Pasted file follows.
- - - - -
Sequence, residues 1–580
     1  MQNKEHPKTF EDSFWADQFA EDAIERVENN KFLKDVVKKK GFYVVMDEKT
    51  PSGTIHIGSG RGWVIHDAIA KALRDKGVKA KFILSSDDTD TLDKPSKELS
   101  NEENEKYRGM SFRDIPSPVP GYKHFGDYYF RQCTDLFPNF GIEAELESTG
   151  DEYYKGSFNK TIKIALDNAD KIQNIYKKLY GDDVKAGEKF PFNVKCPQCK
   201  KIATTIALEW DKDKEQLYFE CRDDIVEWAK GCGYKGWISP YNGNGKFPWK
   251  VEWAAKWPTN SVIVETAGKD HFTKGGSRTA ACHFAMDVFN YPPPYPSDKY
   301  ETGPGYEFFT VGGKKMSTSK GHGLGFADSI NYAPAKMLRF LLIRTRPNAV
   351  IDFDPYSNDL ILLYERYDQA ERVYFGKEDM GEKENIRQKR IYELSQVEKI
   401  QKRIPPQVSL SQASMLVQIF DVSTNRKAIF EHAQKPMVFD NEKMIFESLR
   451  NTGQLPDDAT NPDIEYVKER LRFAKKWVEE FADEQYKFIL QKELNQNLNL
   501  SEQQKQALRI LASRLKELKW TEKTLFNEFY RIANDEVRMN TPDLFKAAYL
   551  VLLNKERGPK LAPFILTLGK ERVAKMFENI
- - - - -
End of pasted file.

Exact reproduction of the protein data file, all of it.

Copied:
Sequence, residues 1–580
     1  MQNKEHPKTF EDSFWADQFA EDAIERVENN KFLKDVVKKK GFYVVMDEKT
    51  PSGTIHIGSG RGWVIHDAIA KALRDKGVKA KFILSSDDTD TLDKPSKELS
   101  NEENEKYRGM SFRDIPSPVP GYKHFGDYYF RQCTDLFPNF GIEAELESTG
   151  DEYYKGSFNK TIKIALDNAD KIQNIYKKLY GDDVKAGEKF PFNVKCPQCK
   201  KIATTIALEW DKDKEQLYFE CRDDIVEWAK GCGYKGWISP YNGNGKFPWK
   251  VEWAAKWPTN SVIVETAGKD HFTKGGSRTA ACHFAMDVFN YPPPYPSDKY
   301  ETGPGYEFFT VGGKKMSTSK GHGLGFADSI NYAPAKMLRF LLIRTRPNAV
   351  IDFDPYSNDL ILLYERYDQA ERVYFGKEDM GEKENIRQKR IYELSQVEKI
   401  QKRIPPQVSL SQASMLVQIF DVSTNRKAIF EHAQKPMVFD NEKMIFESLR
   451  NTGQLPDDAT NPDIEYVKER LRFAKKWVEE FADEQYKFIL QKELNQNLNL
   501  SEQQKQALRI LASRLKELKW TEKTLFNEFY RIANDEVRMN TPDLFKAAYL
   551  VLLNKERGPK LAPFILTLGK ERVAKMFENI